House Passes Bill to Overhaul Skilled Nursing Liability Laws
The House of Representatives on Wednesday passed a bill that would limit skilled nursing and other health care providers’ liability in malpractice cases, prompting praise from industry groups but concern from patient advocates.
The Protecting Access to Care Act of 2017 would establish federal statutes of limitation on lawsuits stemming from injuries incurred at any health care facility that receives federal subsidies — including Medicaid and Medicare reimbursements as well as indirect tax benefits. The bill, which passed the House with a relatively slim 218-210 margin, would also cap the amount of money that plaintiffs could receive at $250,000, a figure that juries hearing malpractice cases would not necessarily need to know.
Should the law pass as is, patients and residents would have either three years from the date of the injury or one year from discovering the injury — whichever comes first — to file a lawsuit against a provider. The legislation would also absolve providers of all responsibility stemming from the use of Food and Drug Administration-approved medications.
Shortly after the House approved the legislation, the American Health Care Association issued a statement lauding the move.
“Rising liability costs to an already underfunded sector not only threaten access to care but can also cost jobs,” AHCA president and CEO Mark Parkinson said. “This legislation helps at a time when we need it the most. Now more than ever, it’s important to preserve dwindling resources to improve the lives of those who need it and deserve better. We applaud the passage of this bill and look forward to working with members of the Senate.”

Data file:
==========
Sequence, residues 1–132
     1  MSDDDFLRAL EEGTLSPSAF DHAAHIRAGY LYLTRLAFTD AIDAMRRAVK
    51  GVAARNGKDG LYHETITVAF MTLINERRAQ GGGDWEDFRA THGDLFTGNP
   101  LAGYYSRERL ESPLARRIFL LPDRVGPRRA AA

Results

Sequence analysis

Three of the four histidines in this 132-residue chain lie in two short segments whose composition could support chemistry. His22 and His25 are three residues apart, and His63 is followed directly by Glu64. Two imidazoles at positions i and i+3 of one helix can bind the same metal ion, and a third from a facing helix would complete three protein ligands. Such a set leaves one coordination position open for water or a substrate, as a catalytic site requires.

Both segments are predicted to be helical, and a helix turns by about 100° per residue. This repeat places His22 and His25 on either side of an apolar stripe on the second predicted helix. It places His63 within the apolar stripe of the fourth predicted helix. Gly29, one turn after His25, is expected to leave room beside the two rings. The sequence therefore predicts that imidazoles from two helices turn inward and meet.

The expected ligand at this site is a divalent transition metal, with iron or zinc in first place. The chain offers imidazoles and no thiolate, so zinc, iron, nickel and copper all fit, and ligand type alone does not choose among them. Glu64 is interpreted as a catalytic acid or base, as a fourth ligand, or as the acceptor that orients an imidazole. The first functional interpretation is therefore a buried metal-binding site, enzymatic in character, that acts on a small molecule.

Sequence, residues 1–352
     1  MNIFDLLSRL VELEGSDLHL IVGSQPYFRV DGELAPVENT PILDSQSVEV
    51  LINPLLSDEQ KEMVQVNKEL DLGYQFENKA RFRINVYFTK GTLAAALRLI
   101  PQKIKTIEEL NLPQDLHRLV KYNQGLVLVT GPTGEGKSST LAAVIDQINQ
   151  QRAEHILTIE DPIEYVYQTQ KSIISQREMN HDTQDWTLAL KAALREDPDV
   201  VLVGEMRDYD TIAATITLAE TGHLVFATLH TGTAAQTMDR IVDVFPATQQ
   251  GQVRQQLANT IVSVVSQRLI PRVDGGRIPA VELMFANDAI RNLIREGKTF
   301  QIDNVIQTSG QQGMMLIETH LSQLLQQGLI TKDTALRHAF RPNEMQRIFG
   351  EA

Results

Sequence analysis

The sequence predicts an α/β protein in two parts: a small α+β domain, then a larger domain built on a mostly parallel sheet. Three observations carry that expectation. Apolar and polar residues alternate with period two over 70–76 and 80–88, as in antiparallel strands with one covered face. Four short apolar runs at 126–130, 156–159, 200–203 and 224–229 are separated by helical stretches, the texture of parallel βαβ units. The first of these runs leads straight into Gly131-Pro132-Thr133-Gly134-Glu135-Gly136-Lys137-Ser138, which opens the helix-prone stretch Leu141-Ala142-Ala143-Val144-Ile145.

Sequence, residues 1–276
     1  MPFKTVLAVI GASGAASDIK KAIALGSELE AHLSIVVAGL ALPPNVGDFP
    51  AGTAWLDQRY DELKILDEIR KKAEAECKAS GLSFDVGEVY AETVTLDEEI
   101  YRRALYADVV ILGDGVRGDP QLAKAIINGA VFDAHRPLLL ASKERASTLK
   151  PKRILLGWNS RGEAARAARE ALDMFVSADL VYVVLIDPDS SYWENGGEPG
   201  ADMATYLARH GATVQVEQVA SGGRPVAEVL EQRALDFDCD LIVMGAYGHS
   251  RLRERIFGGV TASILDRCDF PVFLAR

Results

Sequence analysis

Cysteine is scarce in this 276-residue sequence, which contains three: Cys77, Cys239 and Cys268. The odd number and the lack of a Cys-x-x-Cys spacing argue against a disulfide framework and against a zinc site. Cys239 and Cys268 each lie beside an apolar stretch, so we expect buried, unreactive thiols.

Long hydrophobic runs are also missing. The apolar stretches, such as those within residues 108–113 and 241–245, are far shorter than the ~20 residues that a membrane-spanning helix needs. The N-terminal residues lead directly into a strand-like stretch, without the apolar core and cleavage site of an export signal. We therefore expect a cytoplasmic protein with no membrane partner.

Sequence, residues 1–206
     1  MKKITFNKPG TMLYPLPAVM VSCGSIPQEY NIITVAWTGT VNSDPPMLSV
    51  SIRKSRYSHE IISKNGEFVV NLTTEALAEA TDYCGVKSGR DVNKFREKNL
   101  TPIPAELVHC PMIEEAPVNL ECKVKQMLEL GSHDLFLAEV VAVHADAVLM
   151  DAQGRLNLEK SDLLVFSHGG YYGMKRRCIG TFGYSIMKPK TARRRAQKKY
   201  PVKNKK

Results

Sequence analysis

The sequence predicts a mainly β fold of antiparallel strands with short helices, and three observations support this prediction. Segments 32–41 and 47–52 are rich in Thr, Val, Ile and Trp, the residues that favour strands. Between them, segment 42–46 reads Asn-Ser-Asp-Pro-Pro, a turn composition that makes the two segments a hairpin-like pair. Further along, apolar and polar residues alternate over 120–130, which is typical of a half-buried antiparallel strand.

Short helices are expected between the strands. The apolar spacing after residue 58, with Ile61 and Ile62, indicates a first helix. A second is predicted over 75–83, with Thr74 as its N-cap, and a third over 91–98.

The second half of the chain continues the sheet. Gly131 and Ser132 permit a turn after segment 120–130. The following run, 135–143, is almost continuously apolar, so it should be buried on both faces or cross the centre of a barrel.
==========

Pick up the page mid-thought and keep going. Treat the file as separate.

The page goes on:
David Norsworthy of the Fort Smith, Ark.-based Central Arkansas Nursing Centers, Inc. — where voters will be able to vote on a tort reform initiative in 2018 — similarly praised the bill.
“As we fought to get tort reform on the ballot in Arkansas, it became very clear very quickly how much of our economy is under siege from excessive and unfounded litigation,” Norsworthy said in a statement e-mailed to Skilled Nursing News from the AHCA; Norsworthy serves on its board of governors.
“We work every day to better our outcomes of quality care. When lawyers file suits on behalf of every resident they can find, not just those with legitimate claims, it hangs a constant threat of reduced services over every facility,” Norsworthy said. “The lawyers frame these actions as going after the deep pockets of an owner or operator, when in fact they hurt every staff member and resident we serve.”
The American Association for Justice, an organization that advocates for citizens’ rights to seek remedies through the American legal system, was harsh in its rebuke of the legislation.
“With today’s vote, the House once again prioritized the interests of health care corporations and the insurance industry at the expense of safe, affordable medical care for Americans,” AAJ president Julie Braman Kane said in a statement. “H.R. 1215 shamefully protects negligent medical providers, abusive nursing home corporations, and careless drug companies when they place profits ahead of quality care.”
Written by Alex Spanko